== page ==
A GraphTheoretic Game and its Application to the kServer Problem
 SIAM J. COMPUT
, 1995
"... This paper investigates a zerosum game played on a weighted connected graph G between two players, the tree player and the edge player. At each play, the tree player chooses a spanning tree T and the edge player chooses an edge e. The payoff to the edge player is cost(T; e), defined as follows: If ..."
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Cited by 141 (4 self)
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This paper investigates a zerosum game played on a weighted connected graph G between two players, the tree player and the edge player. At each play, the tree player chooses a spanning tree T and the edge player chooses an edge e. The payoff to the edge player is cost(T; e), defined as follows: If e lies in the tree T then cost(T; e) = 0; if e does not lie in the tree then cost(T; e) = cycle(T; e)=w(e), where w(e) is the weight of edge e and cycle(T; e) is the weight of the unique cycle formed when edge e is added to the tree T. Our main result is that the value of the game on any nvertex graph is bounded above by exp(O( p log n log log n)). The game arises in connection with the kserver problem on a road network; i.e., a metric space that can be represented as a multigraph G in which each edge e represents a road of length w(e). We show that, if the value of the game on G is V al(G; w), then there is a randomized strategy that achieves a competitive ratio of k(1 + V al(G; w)) against any oblivious adversary. Thus, on any nvertex road network, there is a randomized algorithm for the kserver problem that is k exp(O( p log n log log n))competitive against oblivious adversaries. At the heart of our analysis of the game is an algorithm that, for any nvertex weighted, connected multigraph, constructs a spanning tree T such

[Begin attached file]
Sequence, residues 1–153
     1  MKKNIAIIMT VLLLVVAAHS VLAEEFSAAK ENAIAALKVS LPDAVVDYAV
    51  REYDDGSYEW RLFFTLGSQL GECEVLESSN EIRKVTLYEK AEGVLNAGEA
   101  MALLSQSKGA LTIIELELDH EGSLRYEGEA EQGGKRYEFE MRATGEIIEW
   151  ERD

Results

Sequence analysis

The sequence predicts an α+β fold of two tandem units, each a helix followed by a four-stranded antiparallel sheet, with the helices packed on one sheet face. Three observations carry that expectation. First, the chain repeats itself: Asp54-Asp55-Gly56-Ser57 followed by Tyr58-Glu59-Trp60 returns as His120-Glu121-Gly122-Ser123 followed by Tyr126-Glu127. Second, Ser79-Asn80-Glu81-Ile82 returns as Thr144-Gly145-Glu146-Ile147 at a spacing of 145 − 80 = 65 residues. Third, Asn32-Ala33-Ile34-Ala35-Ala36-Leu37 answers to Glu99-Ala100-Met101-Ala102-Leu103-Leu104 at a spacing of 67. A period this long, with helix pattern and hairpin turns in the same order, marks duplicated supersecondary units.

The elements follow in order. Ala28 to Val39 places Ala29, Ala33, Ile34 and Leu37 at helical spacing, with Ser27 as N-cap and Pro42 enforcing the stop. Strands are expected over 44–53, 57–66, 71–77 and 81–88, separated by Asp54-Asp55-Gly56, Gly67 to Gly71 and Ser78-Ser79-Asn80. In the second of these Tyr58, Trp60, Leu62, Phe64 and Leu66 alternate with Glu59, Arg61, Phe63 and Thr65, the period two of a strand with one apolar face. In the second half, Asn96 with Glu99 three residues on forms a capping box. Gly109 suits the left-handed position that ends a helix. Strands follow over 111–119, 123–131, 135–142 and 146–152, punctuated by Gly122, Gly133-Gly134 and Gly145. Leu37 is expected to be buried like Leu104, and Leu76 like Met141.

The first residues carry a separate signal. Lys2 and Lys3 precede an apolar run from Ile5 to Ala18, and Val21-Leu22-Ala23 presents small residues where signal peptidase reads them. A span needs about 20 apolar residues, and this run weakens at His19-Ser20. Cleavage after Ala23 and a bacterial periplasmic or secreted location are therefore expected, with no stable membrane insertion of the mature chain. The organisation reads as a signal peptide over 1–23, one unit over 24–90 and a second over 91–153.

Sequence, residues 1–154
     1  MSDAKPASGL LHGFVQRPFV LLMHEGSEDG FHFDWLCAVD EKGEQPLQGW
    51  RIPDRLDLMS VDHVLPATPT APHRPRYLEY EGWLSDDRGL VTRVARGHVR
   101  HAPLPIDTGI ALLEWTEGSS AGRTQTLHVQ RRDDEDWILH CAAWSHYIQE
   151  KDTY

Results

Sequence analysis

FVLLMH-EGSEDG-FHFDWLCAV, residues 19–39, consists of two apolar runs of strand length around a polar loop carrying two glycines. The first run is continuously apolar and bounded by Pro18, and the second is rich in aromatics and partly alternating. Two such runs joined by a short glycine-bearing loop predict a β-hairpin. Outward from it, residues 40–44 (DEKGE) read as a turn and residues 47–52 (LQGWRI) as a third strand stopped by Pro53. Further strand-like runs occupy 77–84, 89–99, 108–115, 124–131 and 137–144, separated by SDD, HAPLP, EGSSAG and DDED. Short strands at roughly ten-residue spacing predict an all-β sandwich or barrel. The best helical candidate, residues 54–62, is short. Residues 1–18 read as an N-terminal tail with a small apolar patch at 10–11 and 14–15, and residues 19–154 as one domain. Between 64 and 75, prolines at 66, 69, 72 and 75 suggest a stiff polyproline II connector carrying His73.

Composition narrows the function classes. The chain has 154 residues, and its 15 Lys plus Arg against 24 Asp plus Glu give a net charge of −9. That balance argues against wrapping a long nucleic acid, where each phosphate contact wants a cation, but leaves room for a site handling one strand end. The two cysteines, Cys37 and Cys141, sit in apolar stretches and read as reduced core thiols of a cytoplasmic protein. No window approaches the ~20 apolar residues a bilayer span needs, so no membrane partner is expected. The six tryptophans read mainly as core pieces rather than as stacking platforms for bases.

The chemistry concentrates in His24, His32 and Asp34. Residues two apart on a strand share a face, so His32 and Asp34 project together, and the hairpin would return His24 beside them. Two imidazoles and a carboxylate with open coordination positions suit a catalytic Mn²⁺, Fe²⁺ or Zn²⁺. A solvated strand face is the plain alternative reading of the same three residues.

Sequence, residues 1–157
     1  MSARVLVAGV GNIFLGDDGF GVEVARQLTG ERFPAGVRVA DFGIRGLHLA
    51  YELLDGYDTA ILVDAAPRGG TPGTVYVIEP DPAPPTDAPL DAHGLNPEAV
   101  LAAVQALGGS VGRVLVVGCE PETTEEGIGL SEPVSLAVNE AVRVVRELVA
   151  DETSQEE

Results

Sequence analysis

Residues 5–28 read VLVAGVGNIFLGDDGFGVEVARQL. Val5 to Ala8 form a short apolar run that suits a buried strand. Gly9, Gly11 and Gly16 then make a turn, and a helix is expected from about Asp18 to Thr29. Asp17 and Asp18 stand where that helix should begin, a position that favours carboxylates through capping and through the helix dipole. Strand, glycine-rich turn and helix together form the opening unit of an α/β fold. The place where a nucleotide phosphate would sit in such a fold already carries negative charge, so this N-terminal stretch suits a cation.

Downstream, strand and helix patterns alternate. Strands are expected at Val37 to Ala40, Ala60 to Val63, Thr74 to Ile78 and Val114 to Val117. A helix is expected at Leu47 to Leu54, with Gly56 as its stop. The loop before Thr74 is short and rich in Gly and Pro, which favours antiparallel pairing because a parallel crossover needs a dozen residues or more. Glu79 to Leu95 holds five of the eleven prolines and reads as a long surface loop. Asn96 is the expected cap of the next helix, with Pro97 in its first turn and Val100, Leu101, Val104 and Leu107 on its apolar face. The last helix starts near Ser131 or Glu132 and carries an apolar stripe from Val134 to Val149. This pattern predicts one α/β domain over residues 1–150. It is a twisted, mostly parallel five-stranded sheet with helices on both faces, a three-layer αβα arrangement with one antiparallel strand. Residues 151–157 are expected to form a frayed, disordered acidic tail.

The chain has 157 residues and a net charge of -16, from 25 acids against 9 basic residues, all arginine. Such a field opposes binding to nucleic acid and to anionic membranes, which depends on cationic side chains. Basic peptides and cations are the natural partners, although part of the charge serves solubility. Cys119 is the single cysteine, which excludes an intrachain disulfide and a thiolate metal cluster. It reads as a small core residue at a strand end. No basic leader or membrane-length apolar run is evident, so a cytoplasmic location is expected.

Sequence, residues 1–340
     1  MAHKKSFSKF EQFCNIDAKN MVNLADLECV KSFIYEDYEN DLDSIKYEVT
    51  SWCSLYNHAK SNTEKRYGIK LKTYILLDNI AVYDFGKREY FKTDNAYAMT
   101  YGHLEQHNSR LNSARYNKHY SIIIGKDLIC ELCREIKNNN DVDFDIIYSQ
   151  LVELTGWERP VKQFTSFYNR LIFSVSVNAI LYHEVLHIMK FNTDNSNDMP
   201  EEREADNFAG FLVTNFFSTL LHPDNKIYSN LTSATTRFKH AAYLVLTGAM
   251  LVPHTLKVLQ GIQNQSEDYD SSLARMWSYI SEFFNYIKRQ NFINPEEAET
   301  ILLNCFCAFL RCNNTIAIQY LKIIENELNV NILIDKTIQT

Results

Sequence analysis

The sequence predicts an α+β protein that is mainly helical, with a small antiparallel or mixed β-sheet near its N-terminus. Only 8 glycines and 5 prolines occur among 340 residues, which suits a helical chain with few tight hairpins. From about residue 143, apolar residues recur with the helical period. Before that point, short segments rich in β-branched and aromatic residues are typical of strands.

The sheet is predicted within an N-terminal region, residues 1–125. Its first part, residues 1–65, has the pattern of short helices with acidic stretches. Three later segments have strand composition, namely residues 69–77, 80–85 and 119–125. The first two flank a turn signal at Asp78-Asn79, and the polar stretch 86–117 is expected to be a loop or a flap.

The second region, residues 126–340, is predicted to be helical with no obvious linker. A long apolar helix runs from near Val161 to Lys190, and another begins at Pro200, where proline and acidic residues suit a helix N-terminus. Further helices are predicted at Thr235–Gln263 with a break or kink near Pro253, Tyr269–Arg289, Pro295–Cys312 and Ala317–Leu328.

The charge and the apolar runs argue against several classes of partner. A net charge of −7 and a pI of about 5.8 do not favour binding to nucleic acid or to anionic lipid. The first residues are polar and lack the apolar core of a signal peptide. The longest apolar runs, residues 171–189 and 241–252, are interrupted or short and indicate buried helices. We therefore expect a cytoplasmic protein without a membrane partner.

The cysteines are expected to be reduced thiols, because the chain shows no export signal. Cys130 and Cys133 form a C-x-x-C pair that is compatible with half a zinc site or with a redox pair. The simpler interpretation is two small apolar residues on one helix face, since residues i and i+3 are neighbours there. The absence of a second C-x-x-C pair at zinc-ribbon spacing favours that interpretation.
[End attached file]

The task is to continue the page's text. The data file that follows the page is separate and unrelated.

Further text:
Routing in Ad Hoc Networks Using a Spine
, 1997
"... We present a twolevel hierarchical routing architecture for ad hoc networks. Within each lower level cluster, we describe a selforganizing, dynamic spine structure to (a) propagate topology changes, (b) compute updated routes in the background, and (c) provide backup routes in case of transient f ..."
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Cited by 121 (0 self)